Sherry watched Carmell hop over the camera cables crisscrossing the floor of the studio before slipping through the studio doors.
Damien returned his phone to his pocket. "I've got to run. Need to stay ahead of the next mini crisis brewing. Sorry I can't offer more cleanup assistance." He helped himself to a cluster of Sherry's chickpeas and almonds and marched away in Carmell's footsteps.
A young man in an oversized flannel shirt trotted over. On his head, a haphazard man bun fidgeted from side to side with each step he took. A shorter man, who reminded Sherry of a beet, bottom heavy and red-faced, tailed him.
"Carmell Gordy sends me on a wild-goose chase to find a certain kind of treat for her dog, and now the picky canine won't touch the pricy biscuit. What he did eat was the receipt. Now I can't get reimbursed." Man Bun stuffed the pouch of dog treats in one of his multiple cargo pants pockets. "What am I doing all this for? Certainly not for the big bucks. Interns don't make a dime. Her pooch hates me and, considering all I do for him, he could be a tiny bit grateful." The taller man locked gazes with Sherry. A broad smile bloomed, revealing gleaming white teeth. "Hi, I'm Steele Dumont, esteemed station apprentice. My job description is, if someone wants something done and no one else wants to do it, I'm your man."
"Nice to see you, Steele. I know of you, although you probably have never heard of me. I work for your grandmother one day a week selling her pickles at the farmer's market. She mentioned I might see you here. Such a small world, right?" Sherry returned the smile. "I was in the appetizer cook- off this morning. I think I saw you darting around the studio behind the scenes. You're hard to miss." Sherry observed Steele's man bun, which was sprouting free-spirited hair. "And now I'm on my way out. Good luck in your job."
"Much appreciated. Got to go, too." Steele spun around toward the shorter man. "Brett, do you need me to grab any supplies from the closet before I get too involved in settling Dog Treat-gate with Carmell?"
"Nope, all set. I'm on in ten after Carmell finishes her segment, so right now I'm heading to my dressing room for a touch-up. My rosacea is acting up again. Stress-related, I'm sure." The man who had served as the moderator of the morning's cook-off, Brett Paladin, brushed his glowing cheek with the back of his hand. "Hard to believe, but I could use a bite to eat, too."
"I didn't get a chance to tell you how much I've enjoyed watching you over the years. I watched your very first broadcast. If I'm not mistaken you anchored a show called On The Front Burner With Brett. That same year you visited my high school and gave a talk in our English class. I was star struck." Sherry visualized a statuesque powerhouse of a man whose authoritative voice had kept the interest of twenty-two willful teenagers for an hour. All these years later, standing next to him, the bridge of her nose was the same height as the top of his head. She had to decline her chin to make eye contact.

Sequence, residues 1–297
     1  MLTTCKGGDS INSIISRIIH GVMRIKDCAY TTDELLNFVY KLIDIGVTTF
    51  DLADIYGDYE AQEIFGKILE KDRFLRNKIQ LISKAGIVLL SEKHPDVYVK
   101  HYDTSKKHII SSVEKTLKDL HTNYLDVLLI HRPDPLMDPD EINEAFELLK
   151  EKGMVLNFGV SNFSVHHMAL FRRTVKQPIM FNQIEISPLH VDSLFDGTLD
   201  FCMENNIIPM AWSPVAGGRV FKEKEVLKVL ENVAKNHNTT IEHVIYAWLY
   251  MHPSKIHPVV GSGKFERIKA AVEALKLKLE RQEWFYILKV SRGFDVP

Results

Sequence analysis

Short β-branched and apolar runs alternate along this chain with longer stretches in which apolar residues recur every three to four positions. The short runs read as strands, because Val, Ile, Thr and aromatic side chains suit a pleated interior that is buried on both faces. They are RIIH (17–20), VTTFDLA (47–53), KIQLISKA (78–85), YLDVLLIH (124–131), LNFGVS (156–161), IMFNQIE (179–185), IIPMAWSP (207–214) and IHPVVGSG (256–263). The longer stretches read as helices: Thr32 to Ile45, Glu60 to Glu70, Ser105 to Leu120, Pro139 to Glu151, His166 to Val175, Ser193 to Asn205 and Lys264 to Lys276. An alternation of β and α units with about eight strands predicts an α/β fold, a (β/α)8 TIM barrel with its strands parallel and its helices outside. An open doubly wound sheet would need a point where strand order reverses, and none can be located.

Brett massaged his well-fed stomach. "Thank you. Loyal viewership means the world to me. I remember how difficult it was working solo. A partner like Carmell is an invaluable asset." He tossed a glance toward Sherry's plate of food and held up what appeared to be a large cookie. He took a hearty bite. Half of the remaining cookie collapsed to the floor. "I make these energy breakfast cookies myself. I think they're good enough to market. Would you like a taste? I'd value your opinion."
Sherry's stomach warned, "No more room until I've digested the crab mushrooms, mini sausage sliders, and phyllo spinach quiche the other contestants had me sample."
Sherry attempted to send a signal of refusal with the wave of her hand, but it was ignored. Brett broke off a chunk.
"Okay." The word leapt out before she could squash it.
The cookie landed in her hand. Brett's lips parted. The cookie entered Sherry's mouth. After a moment of mulling over the flavor and texture, she transported it down her digestive highway. She gulped hard to squelch a rising belch.
"Well? Pretty good, right?" Brett's grin was so expansive, his ears lifted. He took a bite of the remaining cookie.
"If I could give you one suggestion."
Brett's shiny smile went south faster than mayonnaise sitting in the summer sun.